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Posted by (name unknown) on Sep 29th, 2016 10:08am

Massachusetts voters will consider an initiative to legalize the commercial sale of marijuana in November of 2016. After studying this issue and consulting with a variety of experts and clinical leaders committed to improving public health, we recognize that there are compelling clinical and public policy reasons for not expanding the use of marijuana within Massachusetts. The Massachusetts Health & Hospital Association is proud to be part of a large coalition of healthcare, business, and community leaders – joined by a bipartisan group of state and local leaders – all aligned with the Campaign for a Safe & Healthy Massachusetts to oppose Question 4.

Click here to view the campaign’s new television ad, which makes a very strong case against the insertion of commercial marijuana into our communities.

The legalization of commercial marijuana poses a direct threat to the public health and safety of our patients and communities and raises significant concerns for healthcare organizations.  In addition, the news coming out of the few states that that have legalized the commercial sale of marijuana – such as Colorado and Washington State – is troubling. The stakes are too high for Massachusetts and the reasons for opposition are clear.

Here's why MHA and its members are against Question 4:

  • Edibles. The commercial marijuana industry model relies heavily on the sale of “edibles” – THC-laced products that look like, and are packaged as, lollipops, gummy bears, and other sweets targeted at the youth market. My peers in Colorado, where marijuana is legal, say edibles account for nearly 50% of all marijuana products sold in that state and emergency rooms are routinely treating children accidently ingesting these irresponsible products, whose unregulated THC levels can reach an astounding 95%.
  • Impaired driving. Each day we see drivers crossing marked lines as they read texts or surf the web. Add impaired drivers using legal marijuana to that mix and you have a recipe for disaster. The number of traffic deaths due to marijuana-impaired drivers doubled the year after Washington State legalized marijuana, and Colorado has also seen a spike in impaired driving deaths. There's no breathalyzer test for marijuana, making it difficult to deter or prosecute these impaired drivers.
  • Home grown allowances. Question 4 would allow anyone over 21 to grow marijuana in their homes even over the objections of neighbors. The tax revenue-enhancing arguments of pro marijuana supporters is undercut by the fact that allowing a homegrown marijuana industry will create a new black market for the product as it has already done in Colorado.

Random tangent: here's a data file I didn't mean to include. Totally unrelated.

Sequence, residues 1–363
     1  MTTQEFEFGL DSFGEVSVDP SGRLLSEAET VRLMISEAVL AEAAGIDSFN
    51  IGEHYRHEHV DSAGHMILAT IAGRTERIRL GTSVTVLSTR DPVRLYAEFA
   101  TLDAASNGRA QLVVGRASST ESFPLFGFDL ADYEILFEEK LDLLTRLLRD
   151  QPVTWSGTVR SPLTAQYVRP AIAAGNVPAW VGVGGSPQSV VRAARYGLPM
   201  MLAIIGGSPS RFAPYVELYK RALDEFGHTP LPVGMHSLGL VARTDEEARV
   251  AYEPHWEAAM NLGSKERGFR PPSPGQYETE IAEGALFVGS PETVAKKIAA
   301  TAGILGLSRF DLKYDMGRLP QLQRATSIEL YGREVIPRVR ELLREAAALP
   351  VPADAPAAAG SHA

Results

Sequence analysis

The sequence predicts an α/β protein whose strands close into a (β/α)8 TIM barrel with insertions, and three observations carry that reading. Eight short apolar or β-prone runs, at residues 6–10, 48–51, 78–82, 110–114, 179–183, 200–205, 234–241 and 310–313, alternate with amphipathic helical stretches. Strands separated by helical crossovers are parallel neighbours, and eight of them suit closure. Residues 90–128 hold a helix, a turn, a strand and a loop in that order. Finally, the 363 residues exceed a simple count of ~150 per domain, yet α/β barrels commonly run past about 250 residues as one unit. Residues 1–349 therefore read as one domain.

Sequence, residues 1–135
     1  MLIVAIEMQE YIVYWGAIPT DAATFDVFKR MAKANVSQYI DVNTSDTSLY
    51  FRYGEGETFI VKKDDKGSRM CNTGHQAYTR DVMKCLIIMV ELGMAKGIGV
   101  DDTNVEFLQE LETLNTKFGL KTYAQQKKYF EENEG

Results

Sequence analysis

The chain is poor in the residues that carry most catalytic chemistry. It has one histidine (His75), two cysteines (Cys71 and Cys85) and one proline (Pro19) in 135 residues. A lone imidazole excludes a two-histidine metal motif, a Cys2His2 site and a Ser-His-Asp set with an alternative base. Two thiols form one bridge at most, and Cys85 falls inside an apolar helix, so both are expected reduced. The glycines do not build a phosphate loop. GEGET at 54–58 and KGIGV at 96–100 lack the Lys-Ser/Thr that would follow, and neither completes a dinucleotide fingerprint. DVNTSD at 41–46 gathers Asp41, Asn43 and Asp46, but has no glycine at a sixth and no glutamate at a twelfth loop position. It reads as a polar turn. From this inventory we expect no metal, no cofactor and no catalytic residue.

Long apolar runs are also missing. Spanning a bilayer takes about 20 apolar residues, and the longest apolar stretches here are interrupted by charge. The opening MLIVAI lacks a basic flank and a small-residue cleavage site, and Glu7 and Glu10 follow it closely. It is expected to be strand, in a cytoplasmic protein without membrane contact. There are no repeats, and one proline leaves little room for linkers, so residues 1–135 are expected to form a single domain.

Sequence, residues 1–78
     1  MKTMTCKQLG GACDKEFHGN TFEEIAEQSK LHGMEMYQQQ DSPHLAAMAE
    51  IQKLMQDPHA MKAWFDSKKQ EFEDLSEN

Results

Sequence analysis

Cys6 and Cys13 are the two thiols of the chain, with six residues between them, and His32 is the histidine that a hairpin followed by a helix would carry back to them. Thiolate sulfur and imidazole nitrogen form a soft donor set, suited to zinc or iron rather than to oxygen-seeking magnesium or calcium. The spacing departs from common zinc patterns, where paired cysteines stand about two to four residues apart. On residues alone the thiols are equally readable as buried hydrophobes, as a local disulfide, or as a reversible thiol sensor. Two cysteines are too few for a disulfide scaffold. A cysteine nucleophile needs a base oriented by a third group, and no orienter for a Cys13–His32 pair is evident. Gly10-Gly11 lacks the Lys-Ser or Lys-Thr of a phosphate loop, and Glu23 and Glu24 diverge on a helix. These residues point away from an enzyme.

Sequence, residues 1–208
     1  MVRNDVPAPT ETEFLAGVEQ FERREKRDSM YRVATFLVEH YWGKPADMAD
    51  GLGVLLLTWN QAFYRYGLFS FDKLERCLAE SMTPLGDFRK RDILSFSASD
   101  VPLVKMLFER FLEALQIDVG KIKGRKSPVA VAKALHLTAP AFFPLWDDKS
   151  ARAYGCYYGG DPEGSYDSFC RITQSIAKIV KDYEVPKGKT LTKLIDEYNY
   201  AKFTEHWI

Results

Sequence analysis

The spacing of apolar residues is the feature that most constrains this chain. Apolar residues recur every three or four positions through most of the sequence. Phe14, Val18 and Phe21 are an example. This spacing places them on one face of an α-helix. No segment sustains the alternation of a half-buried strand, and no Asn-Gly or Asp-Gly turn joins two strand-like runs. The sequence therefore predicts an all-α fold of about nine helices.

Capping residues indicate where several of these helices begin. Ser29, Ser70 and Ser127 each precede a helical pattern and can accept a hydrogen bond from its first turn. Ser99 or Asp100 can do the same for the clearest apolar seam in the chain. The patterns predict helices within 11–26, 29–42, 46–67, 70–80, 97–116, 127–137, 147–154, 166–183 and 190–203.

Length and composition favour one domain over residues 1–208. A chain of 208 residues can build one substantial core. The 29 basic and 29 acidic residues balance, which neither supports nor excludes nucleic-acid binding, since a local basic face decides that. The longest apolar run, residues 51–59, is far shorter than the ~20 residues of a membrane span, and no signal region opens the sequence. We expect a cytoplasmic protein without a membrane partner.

• Increased teen use. Since becoming the first state to legalize, Colorado has also become the number one state in the nation for teen marijuana use, making an increase in Massachusetts a similar certainty. According to studies by the National Academy of Sciences and other organizations, marijuana use by adolescents can impair brain development, impact long-term career growth, and even lower IQ.
  • Impact on our communities. Question 4 limits the ability of communities to set limits on the number of marijuana producers and sellers that could open in Massachusetts. In the wake of its legalization vote, Colorado, now has more marijuanashops than the number of McDonald's and Starbucks combined. There are serious potential family and social consequences statewide, with disadvantaged communities in particular facing adversely effects.
  • Adverse mental health impacts. Creating a legal commercial marijuana industry in Massachusetts would increase use among children and harm the cognitive development of young people. The Massachusetts chapter of the National Alliance on Mental Illness (NAMI) warns that marijuana use poses a increased danger for those with mental illness and young people predisposed to mental illness.

For healthcare providers and state regulators, there are also serious conflicts with federal law. Massachusetts has already decriminalized possession of recreational amounts of marijuana, and legalized its use for medical purposes. Question 4 is not a small step forward; it is a giant leap too far – especially for the well-being of our children. The legalization of the commercial marijuana industry will foster a dangerous climate that will yield poor public health consequences and challenges to the resources of our healthcare system. Our state's acceptance of a misguided ballot question will weaken Massachusetts collectively – not strengthen us.

Massachusetts hospitals have always been at the forefront of promoting public health, and the prospective legalized commercial sale of marijuana in our commonwealth poses a number of significant healthcare-related problems. MHA, its member hospitals, healthcare systems, other healthcare providers and healthcare community leaders from around the state have a clear message –Vote NO on Question 4.


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